Converting the Rans was distinctly easier than converting the Thruster, mainly because the FAA don't care about ultralights, bless 'em. This means that I get to do whatever I want to it, so I started out by making a list of what I needed the throttle to do:
- open the throttle
- close the throttle
- stay where I leave it
- allow me to control the plane at the same time
- not interfere with the brakes
I thought about something like the throttle on the Thruster, but the stick is between my knees, rather than next to me, and my buggered wrist won't turn that far over. I'm lazy, so the easiest plan seems to be a twistgrip just thrown onto the stick.
I spoke to Vince, an Airframe and Powerplant engineer at Freedom Field about my idea of having the twistgrip turn the existing throttle tube, just in case a cable breaks, or somebody else wants to fly my plane. He machined up a couple of parts for me.
The friction on the standard throttle meant that I'd have to use a 2 cable throttle, so one cable pulls the throttle open, and one pulls it closed. Luckily, MotionPro make a dual cable system for 4 stroke dirt bikes, so I used one of those :o)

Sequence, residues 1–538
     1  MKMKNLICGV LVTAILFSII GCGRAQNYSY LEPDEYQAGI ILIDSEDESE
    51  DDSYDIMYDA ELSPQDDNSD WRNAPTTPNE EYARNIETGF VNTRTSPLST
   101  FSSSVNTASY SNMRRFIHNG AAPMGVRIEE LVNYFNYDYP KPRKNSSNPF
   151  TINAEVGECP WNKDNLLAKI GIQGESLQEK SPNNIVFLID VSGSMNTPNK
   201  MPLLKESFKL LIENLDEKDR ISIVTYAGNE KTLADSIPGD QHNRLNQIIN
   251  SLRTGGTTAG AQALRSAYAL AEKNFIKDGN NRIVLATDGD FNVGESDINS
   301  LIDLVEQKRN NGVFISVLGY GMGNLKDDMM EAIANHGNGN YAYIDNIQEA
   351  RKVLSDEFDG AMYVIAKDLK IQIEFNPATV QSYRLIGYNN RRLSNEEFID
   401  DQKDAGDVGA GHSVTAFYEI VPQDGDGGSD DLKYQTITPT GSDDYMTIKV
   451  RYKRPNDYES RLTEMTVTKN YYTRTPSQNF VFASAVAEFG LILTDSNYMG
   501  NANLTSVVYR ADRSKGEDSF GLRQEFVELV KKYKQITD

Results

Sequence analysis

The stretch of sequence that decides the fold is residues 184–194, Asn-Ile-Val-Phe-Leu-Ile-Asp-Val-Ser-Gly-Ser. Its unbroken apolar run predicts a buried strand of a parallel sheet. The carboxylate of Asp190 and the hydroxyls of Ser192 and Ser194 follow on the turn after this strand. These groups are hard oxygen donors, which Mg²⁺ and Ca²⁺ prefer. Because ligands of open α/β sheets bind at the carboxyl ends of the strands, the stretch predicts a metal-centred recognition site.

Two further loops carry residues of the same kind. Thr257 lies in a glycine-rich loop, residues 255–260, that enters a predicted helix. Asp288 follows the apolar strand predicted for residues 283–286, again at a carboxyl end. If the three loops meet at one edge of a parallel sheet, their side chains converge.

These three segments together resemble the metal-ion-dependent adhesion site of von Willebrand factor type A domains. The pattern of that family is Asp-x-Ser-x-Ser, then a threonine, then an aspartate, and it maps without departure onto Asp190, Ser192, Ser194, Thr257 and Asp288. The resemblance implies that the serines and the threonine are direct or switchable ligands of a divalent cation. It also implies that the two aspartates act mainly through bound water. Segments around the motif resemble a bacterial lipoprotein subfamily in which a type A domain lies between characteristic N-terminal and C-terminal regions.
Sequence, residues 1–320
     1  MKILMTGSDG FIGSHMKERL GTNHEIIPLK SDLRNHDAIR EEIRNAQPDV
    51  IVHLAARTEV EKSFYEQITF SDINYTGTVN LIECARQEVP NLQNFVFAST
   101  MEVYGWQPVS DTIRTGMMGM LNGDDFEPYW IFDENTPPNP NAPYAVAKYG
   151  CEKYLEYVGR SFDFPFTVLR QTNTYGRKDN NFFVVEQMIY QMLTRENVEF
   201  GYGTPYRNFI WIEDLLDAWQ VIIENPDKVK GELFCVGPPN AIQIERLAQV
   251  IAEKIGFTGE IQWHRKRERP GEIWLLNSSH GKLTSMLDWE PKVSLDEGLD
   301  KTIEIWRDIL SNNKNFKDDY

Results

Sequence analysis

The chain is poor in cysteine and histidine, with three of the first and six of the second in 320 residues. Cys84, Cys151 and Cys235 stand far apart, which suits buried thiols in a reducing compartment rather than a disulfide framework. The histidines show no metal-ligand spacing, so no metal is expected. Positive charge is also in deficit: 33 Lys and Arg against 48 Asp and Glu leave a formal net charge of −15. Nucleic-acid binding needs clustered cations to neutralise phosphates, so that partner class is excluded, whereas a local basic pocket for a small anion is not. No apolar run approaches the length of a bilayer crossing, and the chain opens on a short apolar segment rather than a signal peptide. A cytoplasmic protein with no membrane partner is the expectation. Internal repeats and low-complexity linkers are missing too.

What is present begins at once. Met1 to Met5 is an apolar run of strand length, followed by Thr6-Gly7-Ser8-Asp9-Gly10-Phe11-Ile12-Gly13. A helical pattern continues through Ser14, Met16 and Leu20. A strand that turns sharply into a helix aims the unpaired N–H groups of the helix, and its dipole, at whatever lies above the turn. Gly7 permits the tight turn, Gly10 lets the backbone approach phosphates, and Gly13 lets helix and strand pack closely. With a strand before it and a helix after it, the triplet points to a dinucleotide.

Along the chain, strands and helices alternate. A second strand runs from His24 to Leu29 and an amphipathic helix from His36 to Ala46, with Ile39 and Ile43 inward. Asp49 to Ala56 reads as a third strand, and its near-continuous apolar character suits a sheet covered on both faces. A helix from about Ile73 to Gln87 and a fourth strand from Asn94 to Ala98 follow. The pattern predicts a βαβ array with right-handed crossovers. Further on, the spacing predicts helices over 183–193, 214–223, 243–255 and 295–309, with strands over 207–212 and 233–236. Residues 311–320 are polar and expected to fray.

I then found out that it'd have to run up one side, to avoid the control stick itself... so I moved everything to run it all up the side. Doh.
I snipped the cables to length, and routed them along one side, so they don't interfere with the full and free movement of the stick. Then I put on a hand grip, cut so that the top doesn't rotate (allowing anybody else to not hold the twistgrip). I ran a push-to-talk switch up there for the radio.
I built up a single cable running through the unit, then poured some gas into the thing and started taxying around the airfield.
My instructor, Ray, did a low hop along the runway, then a single circuit. He pronounced it a good flier :o)